Is money given to Chehaw and the Civic Center well spent? -, South Georgia News, Weather, Sports

Is money given to Chehaw and the Civic Center well spent?

July 13, 2007

Albany - The city of Albany gives about a million dollars each to the Parks at Chehaw and the Albany Civic Center every year.

Is that money well spent? And should the city also look into providing a similar amount of money to the Flint Riverquarium, which may have to shut down within weeks if emergency finances aren't secured?

The city of Albany gives a million dollars a year to the Parks at Chehaw, and has each year since at least 2000.  That's as far back as Park Director Doug Porter can trace it, but he knows there has always been a subsidy for the park from the city. "This park has a long history with the city, and people need to remember that the park was given to the city by the state of Georgia back in the 1970s," said Porter.

And Porter believes the park will always need some sort of financial assistance. "I don't know if we could be self-sufficient," he said. "A lot of zoos and aquariums are supported by tax dollars, and the reason for that is it keeps the cost affordable."

Which keeps people coming to Chehaw. Actually, attendance numbers have grown by leaps and bounds over the past few years. In 2004, 63,297 people visited the park That number jumped to 79,197 in 2005 and in 2006, a whopping 102,668 people visited Chehaw. 

This year looks to be another big year. By May, 48,530 people had visited the park.  That compares to only 43,426 for the same time period in 2006. If attendance figures continue their upward trend, Chehaw will finish the year with 49,579 visitors more than attended just three years ago.

Porter says the money received from the city is directly responsible for their success. He said, "I make no apologies for the money we do receive from the city."

Nor does Civic Center Director John Mazzola. The Civic Center and its functions are actually a department of the city, and like any other city department are all funded through the general budget.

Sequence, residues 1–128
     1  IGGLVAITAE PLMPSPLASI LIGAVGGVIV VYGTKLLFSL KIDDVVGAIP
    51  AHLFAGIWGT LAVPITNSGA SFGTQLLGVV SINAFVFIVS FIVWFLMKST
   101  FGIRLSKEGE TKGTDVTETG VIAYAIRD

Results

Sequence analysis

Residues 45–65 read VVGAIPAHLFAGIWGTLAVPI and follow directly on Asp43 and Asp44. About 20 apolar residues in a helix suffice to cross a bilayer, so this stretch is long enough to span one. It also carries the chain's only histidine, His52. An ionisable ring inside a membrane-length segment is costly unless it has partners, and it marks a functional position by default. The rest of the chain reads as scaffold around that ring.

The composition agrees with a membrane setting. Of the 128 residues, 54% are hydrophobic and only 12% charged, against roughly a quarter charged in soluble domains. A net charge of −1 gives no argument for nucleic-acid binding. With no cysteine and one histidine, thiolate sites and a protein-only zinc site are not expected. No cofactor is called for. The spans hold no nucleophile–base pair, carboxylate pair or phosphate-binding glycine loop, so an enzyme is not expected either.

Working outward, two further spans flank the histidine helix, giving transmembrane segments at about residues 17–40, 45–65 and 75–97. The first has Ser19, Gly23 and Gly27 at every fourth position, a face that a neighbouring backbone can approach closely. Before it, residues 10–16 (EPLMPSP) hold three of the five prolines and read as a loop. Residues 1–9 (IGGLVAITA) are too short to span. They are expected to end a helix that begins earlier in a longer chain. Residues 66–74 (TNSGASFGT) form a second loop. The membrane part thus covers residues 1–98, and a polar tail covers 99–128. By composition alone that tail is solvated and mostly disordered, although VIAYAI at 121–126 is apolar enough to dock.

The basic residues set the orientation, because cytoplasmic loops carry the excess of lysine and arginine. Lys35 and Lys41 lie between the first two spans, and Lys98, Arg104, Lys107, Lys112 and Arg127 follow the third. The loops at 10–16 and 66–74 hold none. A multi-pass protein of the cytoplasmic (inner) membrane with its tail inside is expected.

The civic center expense budget from last fiscal year was $1,369,972. It only took in about $436,000 leaving the rest as tax payer supported, but this year, the city only transferred about $800,000.

Mazzola said, "I think we're here partly as an economic generator, partly to drive bodies downtown, but the key to all of that is so that we don't hurt the taxpayer investment."

City Commissioner Dorothy Hubbard says the Civic Center isn't supposed to be a big money generator for the city. "A civic center is not supposed to sustain itself, it is supposed to be there for the good of the public and so it is in need of public support and most cities around will tell you that they're not self-supporting," she said.

But places like the Civic Center do give back to the city, if not through direct revenue, then through indirect economic impact, bringing warm bodies into the city who spend money in hotels, at restaurants, and in stores.

For FY '07, an estimated 357,000 people were expected to walk through the turnstiles. This year, about 180,000 people have already been to events at the Civic Center.

Since the city already funds recreation and entertainment venues like Chehaw and the Civic Center, would it also be appropriate for them to fund the Riverquarium? "The Riverquarium is a private not-for-profit corporation," said City Manager Alfred Lott. The city is looking into funneling money for RQ through the Inner City Authority.

"I believe the RQ is an important part of the revitalization of downtown," Hubbard said.

Here's a look at the numbers: Since opening in September of 2004, 286,704 people have visited. In the first year of operation, the Flint Riverquarium had 127,919 visitors, but that number dropped the following year to only 81,641, and even more in the last fiscal year to just 77,414.

But with more programming and exhibits, CEO Scott Loehr hopes those numbers will move back up, there's just one problem-- more money is needed to provide that attendance boost.

"Certainly getting every indication that city staff is going to put together a proposal," he said. So does Loehr think the Riverquarium should take part of the money that Chehaw and the Civic Center get from the city?

Absolutely not. He said, "I think all of these resources are part of the package that make Albany attractive to, not only to the people who live here but people who come into this community."

And he hopes the entire community will back all the agencies, with their attendance, and tax dollars.


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